Going for a run with a friend is a good idea when the weather is cold or unpleasant. Not only will you be able to motivate each other through the cold, but it’ll help you get out of bed as you’re accountable to someone other than yourself!

Also, you’ll have someone nearby to help you if you start to have cold-related problems, like struggling to breathe or frostbite symptoms.

Get Warm As Soon As Possible After Your Run

When your run is over, take steps to get warm as soon as possible afterward. But be careful—don’t jump straight into a hot shower. Rather, opt for a lukewarm shower, as it’s a safer raise in body temperature.

Once the lukewarm water begins to feel cool, you can slowly increase the temperature as you need to. Once you’re out of the shower, dress warmly and make sure your hair is dry before you carry on with your day.

How to Dress for Exercising In the Cold

Running in the cold can be great exercise… As long as you’re dressed for it! Dressing the right way will ensure that your run is safe and comfortable. Here’s how to dress for running in the cold.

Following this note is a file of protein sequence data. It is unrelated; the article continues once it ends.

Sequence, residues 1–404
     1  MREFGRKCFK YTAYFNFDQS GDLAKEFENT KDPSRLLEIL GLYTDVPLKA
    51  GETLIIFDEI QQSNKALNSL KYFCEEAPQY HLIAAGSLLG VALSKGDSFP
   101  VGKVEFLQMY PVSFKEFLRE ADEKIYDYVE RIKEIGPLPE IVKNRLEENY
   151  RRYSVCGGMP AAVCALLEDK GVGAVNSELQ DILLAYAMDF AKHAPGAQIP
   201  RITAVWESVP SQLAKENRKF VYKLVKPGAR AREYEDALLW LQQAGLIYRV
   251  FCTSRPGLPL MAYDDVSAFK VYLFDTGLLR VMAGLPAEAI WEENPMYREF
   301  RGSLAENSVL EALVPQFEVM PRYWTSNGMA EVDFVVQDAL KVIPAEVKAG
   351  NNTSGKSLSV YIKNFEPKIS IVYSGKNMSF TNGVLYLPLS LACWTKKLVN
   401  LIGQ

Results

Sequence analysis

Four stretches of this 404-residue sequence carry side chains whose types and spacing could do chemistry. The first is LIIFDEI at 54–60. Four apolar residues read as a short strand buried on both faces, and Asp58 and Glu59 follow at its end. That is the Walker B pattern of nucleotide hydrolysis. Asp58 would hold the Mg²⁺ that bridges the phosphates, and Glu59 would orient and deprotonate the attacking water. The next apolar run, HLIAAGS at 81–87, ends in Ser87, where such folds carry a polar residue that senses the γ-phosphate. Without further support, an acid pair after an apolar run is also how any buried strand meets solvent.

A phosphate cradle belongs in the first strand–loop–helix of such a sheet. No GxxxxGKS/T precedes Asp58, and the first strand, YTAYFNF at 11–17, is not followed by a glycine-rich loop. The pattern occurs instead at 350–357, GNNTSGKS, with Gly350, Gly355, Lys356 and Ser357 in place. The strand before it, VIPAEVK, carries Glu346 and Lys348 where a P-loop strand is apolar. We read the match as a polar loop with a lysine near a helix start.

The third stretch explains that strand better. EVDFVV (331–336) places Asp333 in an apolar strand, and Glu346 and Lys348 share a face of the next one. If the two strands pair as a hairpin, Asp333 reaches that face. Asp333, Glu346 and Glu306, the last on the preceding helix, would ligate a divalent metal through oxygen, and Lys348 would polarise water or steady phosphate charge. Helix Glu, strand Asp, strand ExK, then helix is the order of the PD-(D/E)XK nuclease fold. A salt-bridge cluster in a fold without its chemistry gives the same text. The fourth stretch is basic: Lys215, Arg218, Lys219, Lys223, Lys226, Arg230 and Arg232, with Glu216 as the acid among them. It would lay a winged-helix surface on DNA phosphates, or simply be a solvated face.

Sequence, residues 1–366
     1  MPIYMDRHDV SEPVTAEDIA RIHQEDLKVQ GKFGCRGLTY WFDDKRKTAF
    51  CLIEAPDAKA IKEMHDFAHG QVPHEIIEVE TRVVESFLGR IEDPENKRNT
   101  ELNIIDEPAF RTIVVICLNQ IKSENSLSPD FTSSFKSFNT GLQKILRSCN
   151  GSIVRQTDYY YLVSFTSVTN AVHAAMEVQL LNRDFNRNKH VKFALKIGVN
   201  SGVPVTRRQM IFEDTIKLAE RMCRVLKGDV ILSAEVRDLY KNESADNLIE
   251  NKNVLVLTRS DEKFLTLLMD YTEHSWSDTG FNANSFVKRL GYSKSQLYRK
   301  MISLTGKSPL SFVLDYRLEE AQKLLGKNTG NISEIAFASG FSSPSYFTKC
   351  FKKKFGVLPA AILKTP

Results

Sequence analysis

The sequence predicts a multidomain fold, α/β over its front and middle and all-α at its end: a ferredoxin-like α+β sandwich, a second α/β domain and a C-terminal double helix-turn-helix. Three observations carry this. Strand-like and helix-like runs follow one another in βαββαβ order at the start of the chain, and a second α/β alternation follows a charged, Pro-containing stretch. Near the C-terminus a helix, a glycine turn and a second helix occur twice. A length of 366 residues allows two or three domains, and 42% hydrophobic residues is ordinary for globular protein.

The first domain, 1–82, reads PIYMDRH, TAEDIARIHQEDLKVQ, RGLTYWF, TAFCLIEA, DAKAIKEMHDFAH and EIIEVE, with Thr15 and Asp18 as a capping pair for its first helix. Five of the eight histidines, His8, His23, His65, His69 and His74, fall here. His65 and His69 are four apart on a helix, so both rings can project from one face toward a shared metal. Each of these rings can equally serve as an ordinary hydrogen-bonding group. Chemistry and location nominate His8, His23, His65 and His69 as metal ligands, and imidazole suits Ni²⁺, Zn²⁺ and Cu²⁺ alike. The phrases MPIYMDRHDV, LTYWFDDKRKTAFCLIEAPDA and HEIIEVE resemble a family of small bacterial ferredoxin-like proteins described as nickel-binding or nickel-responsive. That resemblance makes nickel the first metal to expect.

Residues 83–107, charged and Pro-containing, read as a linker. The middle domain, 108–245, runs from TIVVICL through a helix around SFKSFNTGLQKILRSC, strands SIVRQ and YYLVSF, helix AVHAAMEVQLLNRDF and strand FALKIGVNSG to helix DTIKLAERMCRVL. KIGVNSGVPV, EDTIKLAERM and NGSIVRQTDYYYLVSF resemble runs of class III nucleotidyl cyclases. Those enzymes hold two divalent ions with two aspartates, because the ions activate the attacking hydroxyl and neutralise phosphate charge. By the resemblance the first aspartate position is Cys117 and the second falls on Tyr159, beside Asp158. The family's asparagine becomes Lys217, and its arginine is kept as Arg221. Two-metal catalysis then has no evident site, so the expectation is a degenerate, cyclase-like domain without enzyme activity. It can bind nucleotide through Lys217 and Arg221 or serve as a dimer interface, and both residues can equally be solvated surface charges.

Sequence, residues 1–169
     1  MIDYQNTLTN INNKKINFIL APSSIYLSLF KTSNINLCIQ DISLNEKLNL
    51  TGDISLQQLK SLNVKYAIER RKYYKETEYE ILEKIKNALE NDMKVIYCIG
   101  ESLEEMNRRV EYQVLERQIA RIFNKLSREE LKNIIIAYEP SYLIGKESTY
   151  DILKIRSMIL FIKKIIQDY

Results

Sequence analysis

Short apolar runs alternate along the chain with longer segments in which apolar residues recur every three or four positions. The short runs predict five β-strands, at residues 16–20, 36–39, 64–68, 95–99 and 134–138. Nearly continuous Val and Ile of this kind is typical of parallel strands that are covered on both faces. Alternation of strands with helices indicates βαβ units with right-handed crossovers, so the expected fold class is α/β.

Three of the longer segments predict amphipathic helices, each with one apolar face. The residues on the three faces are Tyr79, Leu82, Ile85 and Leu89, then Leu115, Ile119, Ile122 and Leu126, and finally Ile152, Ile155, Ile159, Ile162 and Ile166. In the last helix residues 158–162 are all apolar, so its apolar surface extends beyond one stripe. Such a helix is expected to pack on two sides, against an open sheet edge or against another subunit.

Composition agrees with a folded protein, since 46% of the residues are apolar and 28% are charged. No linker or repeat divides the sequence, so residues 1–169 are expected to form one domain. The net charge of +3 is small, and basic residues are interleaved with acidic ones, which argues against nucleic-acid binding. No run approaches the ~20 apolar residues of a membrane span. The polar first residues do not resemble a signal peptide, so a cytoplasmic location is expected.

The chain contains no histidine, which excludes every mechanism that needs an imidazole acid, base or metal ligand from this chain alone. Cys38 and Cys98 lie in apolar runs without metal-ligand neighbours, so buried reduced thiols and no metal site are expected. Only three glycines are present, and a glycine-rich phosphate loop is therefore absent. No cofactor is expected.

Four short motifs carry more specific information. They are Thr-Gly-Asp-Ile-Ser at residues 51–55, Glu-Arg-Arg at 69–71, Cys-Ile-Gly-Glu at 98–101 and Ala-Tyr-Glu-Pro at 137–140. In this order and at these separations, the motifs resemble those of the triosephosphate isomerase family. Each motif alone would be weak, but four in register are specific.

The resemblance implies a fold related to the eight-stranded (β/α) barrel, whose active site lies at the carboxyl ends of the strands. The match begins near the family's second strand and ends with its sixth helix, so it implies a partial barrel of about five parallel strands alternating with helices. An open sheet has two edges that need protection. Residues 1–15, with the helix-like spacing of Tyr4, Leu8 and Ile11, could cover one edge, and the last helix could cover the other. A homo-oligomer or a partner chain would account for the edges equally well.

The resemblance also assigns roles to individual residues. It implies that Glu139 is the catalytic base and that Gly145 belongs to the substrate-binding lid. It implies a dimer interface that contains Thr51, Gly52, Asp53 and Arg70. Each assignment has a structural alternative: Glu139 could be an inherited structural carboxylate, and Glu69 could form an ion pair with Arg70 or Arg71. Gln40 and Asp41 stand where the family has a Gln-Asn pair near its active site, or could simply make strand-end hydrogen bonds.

Layer

Layering your clothing is one of the best tricks for running comfortably. Layers allow you to adjust your level of warmth as you run. Start with a base layer—skin-tight, long-sleeved, shirt and tights—and layer lighter clothing on top of it—a t-shirt, light shorts.

Use a light, wind-proof jacket on top, preferably one that can pack into itself and be placed into a pocket if you get hot and need to remove it.

Wear a Mask or Buff

We highly recommend using something to cover your mouth while running to prevent the cold air from hitting your throat and causing respiratory troubles.

You can use a running mask or a buff to cover your mouth and nose. This will make a noticeable difference and can stop you from becoming sick with respiratory illness from the icy air.

Wear Sunglasses

Sunglasses are a great idea in cold weather to protect your eyes. They provide some shield against the winter sun’s glare and can also be extremely helpful in windy conditions.

Biting wind can not only hurt the skin but can damage the eyes, not to mention the possibility of debris being blown into your eyes. Wearing sunglasses protects your eyes from the effects of the wind, dust, debris, and glare.

Wear Running Gloves

Keeping your hands warm in icy weather is essential. Your extremities are vulnerable to frostbite in the cold as they’re far away from the heart and are more prone to circulation problems, so wearing running gloves is a good idea.